Tuning in to others

I hate to sound like a broken record, but I can’t emphasize how important yoga has been to me over the past few years. Not only has yoga helped me manage my multiple sclerosis, it has calmed my mind, nurtured my spirit, brought new and wonderful friends into my life, and made me physically stronger and more flexible. It has also made me more empathetic; I am much more tuned in to other people than I was before I started practicing.

Nowadays I teach a couple of yoga classes each week at the small studio a few miles down the road. Before each class I ask my students whether there’s anything going on in their bodies, any injuries, weaknesses, or tight spots I should be aware of.

Turns out everyone has something. An aching lower back, a tight shoulder, a stiff neck, tense hip joints, a touch of arthritis resulting from a long-ago surgery…. As I listen, I think about what stretches or poses we’ll do to address those problems; yoga has much to offer to those with such ailments. But as I listen I also feel a certain kind of tenderness for my students and fellow yogis: They are so human, and even the strongest of them have weaknesses, vulnerabilities, soft spots.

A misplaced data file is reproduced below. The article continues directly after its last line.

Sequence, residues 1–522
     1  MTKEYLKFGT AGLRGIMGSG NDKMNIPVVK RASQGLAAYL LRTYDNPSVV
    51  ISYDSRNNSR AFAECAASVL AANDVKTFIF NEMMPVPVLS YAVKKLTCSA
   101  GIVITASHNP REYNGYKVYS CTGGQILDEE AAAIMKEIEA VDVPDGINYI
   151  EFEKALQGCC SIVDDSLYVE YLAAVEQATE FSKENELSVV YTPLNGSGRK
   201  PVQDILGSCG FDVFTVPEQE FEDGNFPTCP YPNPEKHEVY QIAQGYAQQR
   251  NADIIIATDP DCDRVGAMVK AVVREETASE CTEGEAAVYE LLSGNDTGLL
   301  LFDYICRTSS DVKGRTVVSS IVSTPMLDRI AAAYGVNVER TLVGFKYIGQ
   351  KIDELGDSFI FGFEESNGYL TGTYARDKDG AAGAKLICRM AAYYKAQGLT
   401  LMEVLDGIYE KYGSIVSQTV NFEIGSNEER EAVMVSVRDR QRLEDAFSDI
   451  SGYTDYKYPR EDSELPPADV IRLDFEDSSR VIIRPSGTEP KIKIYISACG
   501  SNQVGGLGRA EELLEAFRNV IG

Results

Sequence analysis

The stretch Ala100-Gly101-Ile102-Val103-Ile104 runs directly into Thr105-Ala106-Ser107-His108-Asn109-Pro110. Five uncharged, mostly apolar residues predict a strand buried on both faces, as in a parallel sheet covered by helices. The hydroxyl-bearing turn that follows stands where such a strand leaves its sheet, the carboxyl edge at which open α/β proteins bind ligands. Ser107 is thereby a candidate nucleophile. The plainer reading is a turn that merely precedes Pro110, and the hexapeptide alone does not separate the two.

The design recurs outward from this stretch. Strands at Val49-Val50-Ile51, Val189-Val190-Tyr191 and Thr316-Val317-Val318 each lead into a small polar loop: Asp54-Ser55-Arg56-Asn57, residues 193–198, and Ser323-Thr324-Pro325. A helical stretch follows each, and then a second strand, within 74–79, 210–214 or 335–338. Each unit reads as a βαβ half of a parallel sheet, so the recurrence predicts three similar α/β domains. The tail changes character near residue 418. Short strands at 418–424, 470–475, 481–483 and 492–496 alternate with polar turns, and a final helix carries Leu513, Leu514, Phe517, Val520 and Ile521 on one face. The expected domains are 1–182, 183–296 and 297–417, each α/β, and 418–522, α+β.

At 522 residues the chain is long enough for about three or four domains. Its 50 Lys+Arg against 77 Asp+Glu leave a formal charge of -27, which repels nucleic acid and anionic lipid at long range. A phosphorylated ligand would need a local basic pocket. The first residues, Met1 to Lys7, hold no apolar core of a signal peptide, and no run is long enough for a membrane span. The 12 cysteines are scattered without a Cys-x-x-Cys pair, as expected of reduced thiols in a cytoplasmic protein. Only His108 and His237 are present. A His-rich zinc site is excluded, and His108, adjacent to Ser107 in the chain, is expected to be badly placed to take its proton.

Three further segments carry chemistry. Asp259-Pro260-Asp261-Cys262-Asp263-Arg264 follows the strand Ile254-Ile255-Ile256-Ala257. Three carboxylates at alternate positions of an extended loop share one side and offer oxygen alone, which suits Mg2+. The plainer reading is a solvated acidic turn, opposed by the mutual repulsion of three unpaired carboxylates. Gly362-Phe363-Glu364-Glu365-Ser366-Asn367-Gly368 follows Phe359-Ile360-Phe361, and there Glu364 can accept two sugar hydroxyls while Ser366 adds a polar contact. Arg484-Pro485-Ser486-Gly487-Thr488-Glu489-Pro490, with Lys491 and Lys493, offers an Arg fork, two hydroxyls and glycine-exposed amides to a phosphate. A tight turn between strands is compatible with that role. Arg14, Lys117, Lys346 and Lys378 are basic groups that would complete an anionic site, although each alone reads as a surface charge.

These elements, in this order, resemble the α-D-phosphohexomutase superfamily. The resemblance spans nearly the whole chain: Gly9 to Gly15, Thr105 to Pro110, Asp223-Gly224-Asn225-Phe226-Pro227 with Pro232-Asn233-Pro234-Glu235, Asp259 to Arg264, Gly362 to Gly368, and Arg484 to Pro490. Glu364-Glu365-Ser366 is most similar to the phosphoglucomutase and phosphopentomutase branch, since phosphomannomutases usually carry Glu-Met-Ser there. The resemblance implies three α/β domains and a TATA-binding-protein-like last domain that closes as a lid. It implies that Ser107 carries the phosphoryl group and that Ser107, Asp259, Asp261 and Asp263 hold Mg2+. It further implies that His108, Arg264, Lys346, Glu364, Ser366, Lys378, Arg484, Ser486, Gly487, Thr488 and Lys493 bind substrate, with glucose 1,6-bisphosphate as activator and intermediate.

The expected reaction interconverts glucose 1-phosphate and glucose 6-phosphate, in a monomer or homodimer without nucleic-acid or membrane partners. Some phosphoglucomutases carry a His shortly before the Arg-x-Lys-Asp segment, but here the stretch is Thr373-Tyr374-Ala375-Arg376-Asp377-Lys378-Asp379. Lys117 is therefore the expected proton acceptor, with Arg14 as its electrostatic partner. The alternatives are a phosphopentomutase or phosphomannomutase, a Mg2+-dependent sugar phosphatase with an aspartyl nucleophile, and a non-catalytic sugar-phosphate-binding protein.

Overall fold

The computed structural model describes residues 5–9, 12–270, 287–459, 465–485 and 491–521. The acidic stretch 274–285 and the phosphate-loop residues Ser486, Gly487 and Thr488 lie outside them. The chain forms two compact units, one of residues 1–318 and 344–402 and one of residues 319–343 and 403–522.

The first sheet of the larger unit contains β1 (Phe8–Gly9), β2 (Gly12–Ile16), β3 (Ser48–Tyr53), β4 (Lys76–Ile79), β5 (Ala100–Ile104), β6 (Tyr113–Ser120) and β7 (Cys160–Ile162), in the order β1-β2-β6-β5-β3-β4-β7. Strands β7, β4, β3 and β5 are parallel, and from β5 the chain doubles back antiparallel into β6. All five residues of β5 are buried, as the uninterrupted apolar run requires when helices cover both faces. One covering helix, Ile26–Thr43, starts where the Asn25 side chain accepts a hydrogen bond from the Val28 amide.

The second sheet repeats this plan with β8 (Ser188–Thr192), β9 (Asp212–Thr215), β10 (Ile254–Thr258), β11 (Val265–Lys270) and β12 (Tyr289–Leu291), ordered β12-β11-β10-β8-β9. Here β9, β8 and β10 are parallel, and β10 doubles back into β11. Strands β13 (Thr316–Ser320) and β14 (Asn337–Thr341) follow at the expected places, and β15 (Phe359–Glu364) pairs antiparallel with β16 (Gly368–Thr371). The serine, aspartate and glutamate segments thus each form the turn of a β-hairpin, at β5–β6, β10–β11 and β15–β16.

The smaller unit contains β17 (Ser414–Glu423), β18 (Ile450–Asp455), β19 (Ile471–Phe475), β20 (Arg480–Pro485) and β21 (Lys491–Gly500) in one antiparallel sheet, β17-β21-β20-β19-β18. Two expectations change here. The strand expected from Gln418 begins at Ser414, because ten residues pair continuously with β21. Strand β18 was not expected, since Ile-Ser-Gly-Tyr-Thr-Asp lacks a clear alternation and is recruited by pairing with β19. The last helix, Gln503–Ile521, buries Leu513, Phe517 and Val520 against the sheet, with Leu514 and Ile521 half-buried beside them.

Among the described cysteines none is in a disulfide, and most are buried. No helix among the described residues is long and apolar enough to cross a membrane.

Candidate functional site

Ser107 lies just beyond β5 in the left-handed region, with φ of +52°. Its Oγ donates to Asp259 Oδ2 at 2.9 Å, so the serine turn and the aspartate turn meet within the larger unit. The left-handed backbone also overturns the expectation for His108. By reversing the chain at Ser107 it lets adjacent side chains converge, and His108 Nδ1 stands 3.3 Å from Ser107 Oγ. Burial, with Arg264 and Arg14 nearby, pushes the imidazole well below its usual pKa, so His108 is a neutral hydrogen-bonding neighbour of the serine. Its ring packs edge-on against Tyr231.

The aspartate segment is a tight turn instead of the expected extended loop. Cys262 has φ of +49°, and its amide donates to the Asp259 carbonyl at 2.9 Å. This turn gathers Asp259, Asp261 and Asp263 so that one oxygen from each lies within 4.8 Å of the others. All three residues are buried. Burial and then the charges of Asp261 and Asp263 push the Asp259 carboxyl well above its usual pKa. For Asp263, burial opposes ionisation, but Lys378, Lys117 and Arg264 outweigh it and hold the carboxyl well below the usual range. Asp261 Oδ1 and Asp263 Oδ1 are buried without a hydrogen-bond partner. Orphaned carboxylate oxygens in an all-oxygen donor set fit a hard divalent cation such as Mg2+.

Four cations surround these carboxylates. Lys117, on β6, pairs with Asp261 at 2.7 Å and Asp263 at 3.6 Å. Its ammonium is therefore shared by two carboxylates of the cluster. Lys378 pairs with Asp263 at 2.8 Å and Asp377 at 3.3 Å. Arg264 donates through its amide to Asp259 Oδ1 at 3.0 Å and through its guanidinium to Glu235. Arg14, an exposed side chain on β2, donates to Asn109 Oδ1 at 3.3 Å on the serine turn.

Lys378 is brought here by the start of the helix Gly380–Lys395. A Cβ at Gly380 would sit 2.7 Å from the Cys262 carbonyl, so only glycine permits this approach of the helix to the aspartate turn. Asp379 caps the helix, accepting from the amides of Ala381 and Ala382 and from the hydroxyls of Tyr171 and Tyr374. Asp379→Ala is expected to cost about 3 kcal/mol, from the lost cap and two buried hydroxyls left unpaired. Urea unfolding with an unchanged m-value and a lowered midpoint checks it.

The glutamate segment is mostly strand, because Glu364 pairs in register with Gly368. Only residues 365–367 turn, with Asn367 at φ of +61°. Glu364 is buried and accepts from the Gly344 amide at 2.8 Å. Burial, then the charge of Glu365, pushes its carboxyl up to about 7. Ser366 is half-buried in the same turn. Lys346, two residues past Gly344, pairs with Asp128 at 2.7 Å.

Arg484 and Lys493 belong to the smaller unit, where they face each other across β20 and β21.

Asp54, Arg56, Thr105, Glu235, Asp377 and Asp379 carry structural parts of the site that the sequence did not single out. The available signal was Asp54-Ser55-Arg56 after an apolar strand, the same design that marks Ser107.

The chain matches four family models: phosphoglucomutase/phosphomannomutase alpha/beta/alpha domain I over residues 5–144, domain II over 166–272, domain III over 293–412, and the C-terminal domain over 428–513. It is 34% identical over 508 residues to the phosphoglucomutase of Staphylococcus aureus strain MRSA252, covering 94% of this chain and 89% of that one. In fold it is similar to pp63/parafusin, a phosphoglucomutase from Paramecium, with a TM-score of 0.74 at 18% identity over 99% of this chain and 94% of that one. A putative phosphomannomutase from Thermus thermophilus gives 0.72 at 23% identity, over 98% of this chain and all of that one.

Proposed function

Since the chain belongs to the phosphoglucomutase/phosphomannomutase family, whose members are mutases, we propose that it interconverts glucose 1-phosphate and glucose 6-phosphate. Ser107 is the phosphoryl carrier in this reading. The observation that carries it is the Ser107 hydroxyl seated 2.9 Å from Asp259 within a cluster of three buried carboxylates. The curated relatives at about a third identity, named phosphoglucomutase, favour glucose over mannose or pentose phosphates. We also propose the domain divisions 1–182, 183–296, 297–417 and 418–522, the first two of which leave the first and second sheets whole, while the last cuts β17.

It’s a great feeling to lead a class and hear students say, after everyone rises from the final resting pose we call savasana, “Wow. I feel so much better.” Some will come up to me to report that one particular posture or stretch really made their hip or their shoulder or back feel better, or that the whole practice had eased their tension and loosened their muscles.

Teaching yoga has helped me get out of my own head and recognize that you don’t need to have multiple sclerosis to have aches and pains. MS or no MS, we’re all in this together. When we muster the ability to sympathize with and help others, we also end up strengthening ourselves.
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Jennifer LaRue Huget, Blogger

Jennifer LaRue Huget was diagnosed with MS in 2001. A freelance writer and children's book author, she lives in Connecticut with her husband, two teenage kids, and two brown dogs. Her website is www.jenniferlaruehuget.com.